Music festivals as a force for good: Reflections on GRASP Festival

Music festivals as a force for good: Reflections on GRASP Festival

Back in November, our MarComms Director, Becka Whiteley, was invited out to Roskilde in Denmark, to speak as part of a panel on the topic of Music Festivals as a force for good. Here are her reflections.


Having never been to Denmark before, but having always been very curious about European festival behemoth Roskilde, I was very excited to check out GRASP festival (let’s be honest, leaving the UK for any reason at the moment seems a real treat, if not a little surreal)

GRASP Festival is a brand new event concept from the Roskilde team – and what a lovely bunch they are. I can’t pretend I wasn’t a little jealous of the team’s set up out there – Shambala HQ is a beautiful building but we certainly don’t have a huge pop culture museum or a carousel sized giant vinyl player in our digs!

GRASP is a ‘festival of ideas’ which seeks to explore some of the most burning issues of our time – sustainable development across disciplines, urban development through music, activism and art and communities in the wake of the pandemic.

The topic of my panel was ‘Festivals as a force for good’ – a discussion of the modern festival’s role as a social agent…. which conveniently, is one of my favourite topics to bang on about.

I was joined on the panel by Søren Eskildsen – a director from Smukfest – an eye-wateringly stunning festival that takes place annually in a Beech forest in Sweden, with a stellar music line up, packed with big hitters. It looks incredible – you should all go check it out – what a setting for a festival:

Photo credit: Smukfest – Thomas Nørremark

We were also joined by two academics who really, really know their stuff when it comes to festival culture: Jo Haynes – Associate Professor in Sociology at the University of Bristol, whose research focuses on popular music, ethnicity/race, festivals and entrepreneurship in the cultural industries, and Ian Woodward – Professor at the University of Southern Denmark and author of ‘Vinyl’, ‘Labels’ and ‘The Festivalization of Culture’ amongst many other books and papers.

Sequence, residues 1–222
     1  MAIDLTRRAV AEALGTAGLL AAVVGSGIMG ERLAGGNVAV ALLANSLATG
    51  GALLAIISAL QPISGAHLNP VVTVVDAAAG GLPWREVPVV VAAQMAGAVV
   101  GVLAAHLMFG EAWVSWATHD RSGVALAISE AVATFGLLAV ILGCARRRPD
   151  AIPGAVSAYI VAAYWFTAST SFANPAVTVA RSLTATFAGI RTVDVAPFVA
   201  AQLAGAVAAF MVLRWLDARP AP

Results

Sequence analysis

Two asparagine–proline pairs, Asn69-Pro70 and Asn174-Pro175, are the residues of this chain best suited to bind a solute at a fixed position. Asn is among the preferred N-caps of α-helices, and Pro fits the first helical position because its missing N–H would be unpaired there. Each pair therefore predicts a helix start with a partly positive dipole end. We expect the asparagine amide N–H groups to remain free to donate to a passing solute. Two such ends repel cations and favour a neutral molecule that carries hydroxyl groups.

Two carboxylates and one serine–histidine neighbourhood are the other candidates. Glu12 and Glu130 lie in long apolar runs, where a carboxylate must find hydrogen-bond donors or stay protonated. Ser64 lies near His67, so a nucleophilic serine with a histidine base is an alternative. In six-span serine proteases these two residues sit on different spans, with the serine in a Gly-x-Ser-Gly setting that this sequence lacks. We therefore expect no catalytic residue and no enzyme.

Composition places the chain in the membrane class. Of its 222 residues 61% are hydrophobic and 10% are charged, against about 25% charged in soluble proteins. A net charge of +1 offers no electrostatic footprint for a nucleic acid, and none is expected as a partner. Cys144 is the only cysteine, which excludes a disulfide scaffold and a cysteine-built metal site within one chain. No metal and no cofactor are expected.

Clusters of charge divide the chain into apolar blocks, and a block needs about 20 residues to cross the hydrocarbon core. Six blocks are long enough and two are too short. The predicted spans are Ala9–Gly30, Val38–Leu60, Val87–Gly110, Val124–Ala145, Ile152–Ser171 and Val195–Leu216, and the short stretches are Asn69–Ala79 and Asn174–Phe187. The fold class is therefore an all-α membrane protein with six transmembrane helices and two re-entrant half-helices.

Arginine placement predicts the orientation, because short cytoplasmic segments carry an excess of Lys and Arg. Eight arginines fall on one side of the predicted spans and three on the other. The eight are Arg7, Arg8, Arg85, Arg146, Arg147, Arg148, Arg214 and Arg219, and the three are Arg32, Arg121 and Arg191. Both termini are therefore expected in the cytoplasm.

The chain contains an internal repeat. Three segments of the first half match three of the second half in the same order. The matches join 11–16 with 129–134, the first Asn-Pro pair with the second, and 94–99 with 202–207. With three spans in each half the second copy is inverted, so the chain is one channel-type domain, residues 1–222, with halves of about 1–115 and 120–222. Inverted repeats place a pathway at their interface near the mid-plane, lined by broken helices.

Despite one hairy moment (pun intended) when my mic got caught in my hair and treated the audience to a noise not unlike a banshee being hit by a truck repeatedly, the panel was an absolute delight to be a part of. After a couple of years stuck in our Kambe ‘bubble’ due to the pandemic, I’ve been feeling the loss of our usual industry events, assemblies and gatherings – it’s felt a little like operating in a vacuum and it’s been easy to feel somewhat isolated from the rest of the industry. It was so refreshing to be meeting other festival industry folk again and getting stuck into a bit of healthy debate.

We were asked if, as festival organisers, we consider it important for the modern music festival to act as a social agent. In a time when corporate social responsibility becomes more and more important, will the future of the festival be more a celebration of values than a celebration of music?

…Why not both?